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Alabama Joins Texas In Suit To Block Executive Amnesty

Brandon Moseley

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By Brandon Moseley
Alabama Political Reporter

Wednesday, December 3, Alabama Attorney General Luther Strange (R) announced that the State of Alabama has joined a lawsuit filed today by Texas challenging the President’s recent immigration actions as unconstitutional and illegal. The lawsuit challenges the November 20 Executive Orders by President Obama and the U.S. Department of Homeland Security directive that unilaterally suspended American immigration laws as applied to millions of undocumented immigrants in the United States.

Alabama Attorney General Strange said in a written statement, “I want to thank Attorney General Abbott for leading this effort. I am proud to stand with my friends in Texas in this important case regarding the rule of law.” AG Greg Abbott is also the Governor-elect of Texas.

The lawsuit, Texas v. U.S., was filed in the U.S. District Court for the Southern District of Texas. Texas was joined by the States of Alabama, Georgia, Idaho, Indiana, Kansas, Louisiana, Montana, Nebraska, South Carolina, South Dakota, West Virginia, Utah and Wisconsin; and the Governors of Idaho, Maine, Mississippi and North Carolina.

The complaint asserts, “This lawsuit is not about immigration. It is about the rule of law, presidential power, and the enforcement of the U.S. Constitution.” By his own action and contrary to laws passed by Congress, the President “issued a directive that legalizes the presence of approximately 40% of the known undocumented immigrant population, and affords them legal rights and benefits…That unilateral suspension of the Nation’s immigration laws is unlawful.”

AG Strange said, “The President is obligated by the United States Constitution to ‘take Care that the Laws be faithfully executed’—to uphold and enforce the laws passed by Congress. Instead, he has claimed a prosecutorial discretion that simply does not exist, as an excuse to change the law himself to achieve what he wanted that has failed to gain Congressional approval. He made dramatic changes that extend legal benefits to people who are openly violating the law, without so much as the notice and opportunity for comment that is required for changes in the federal rule making process. These actions are unconstitutional and illegal, and will severely impact the States with increased costs for law enforcement, health care and education.”

The complaint notes that President Obama has failed in his many attempts to persuade Congress to change the law, and that he admitted numerous times in the past that he did not have authority to act on his own. President Obama himself said, “There are enough laws on the books by Congress that are very clear in terms of how we have to enforce our immigration system that for me to simply through executive order ignore those congressional mandates would not conform with my appropriate role as President,”….“[I]f this was an issue that I could do unilaterally I would have done it a long time ago…The way our system works is Congress has to pass legislation,”…..”We have certain obligations to enforce the laws that are in place…[W]e’ve kind of stretched our administrative flexibility as much as we can,”…”But if we start broadening that, then essentially I would be ignoring the law in a way that I think would be very difficult to defend legally.”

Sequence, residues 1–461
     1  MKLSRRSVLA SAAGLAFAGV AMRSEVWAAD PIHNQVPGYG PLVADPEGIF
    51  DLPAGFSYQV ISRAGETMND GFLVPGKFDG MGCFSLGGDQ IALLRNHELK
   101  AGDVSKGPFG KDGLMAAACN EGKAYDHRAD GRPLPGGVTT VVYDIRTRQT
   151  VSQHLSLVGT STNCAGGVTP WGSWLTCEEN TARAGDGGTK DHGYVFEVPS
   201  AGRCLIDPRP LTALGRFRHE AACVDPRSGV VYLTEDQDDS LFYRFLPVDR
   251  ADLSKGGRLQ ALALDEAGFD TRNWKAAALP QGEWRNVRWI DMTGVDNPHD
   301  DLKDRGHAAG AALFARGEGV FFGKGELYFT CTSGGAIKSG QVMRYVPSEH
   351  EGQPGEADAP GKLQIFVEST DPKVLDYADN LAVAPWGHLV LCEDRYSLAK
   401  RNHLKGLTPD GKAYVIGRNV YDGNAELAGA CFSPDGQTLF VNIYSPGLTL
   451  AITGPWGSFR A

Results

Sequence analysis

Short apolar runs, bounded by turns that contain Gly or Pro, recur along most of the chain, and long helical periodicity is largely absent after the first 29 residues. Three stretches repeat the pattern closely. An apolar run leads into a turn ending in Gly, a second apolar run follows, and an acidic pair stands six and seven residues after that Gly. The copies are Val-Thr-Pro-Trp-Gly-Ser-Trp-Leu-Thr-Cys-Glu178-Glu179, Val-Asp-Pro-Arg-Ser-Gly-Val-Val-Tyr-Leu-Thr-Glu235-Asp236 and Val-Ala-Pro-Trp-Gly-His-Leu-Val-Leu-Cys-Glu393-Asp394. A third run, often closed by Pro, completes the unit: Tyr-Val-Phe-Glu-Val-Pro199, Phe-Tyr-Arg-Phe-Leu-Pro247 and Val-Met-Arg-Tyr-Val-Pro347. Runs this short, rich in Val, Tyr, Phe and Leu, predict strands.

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Texas AG Greg Abbott said, “The ability of the president to dispense with laws was specifically considered and unanimously rejected at the Constitutional Convention.” Abbott specifically cited Article 2, Section 3 of the Constitution which states the president “shall take care that the laws be faithfully executed.”

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AG Abbott told Fox News’ Greta Van Susteren that the President’s earlier DACA program led to over a 1000 persons a day crossing the border at a cost to Texas of millions and perhaps hundreds of millions of dollars a day and predicted that Obama’s executive amnesty would have an even greater effect. Abbott said the lawsuit asks the court to require Obama to go through Congress before enforcing laws, “rather than making them up himself.”

The lawsuit raises three legal objections to President Obama’s actions. The first is that Obama allegedly violated the “Take Care Clause” of the U.S. Constitution that limits the scope of presidential power. The second is that the federal government violated its own rule making procedures under law. Finally Texas claims standing before the court because it claims that implementation of the order will “exacerbate the humanitarian crisis along the southern border, which will affect increased state investment in law enforcement, health care and education.”

The federal lawsuit involves the following states: Alabama, Georgia, Idaho, Indiana, Kansas, Louisiana, Maine, Mississippi, Montana, Nebraska, North Carolina, South Carolina, South Dakota, Texas, Utah, West Virginia and Wisconsin.

AG Luther Strange has repeatedly said that one reason he enjoys his job is that every day he goes to work to find some new way to fight Obama.

(Some original reporting by Fox News and the Associated Press contributed to this report.)

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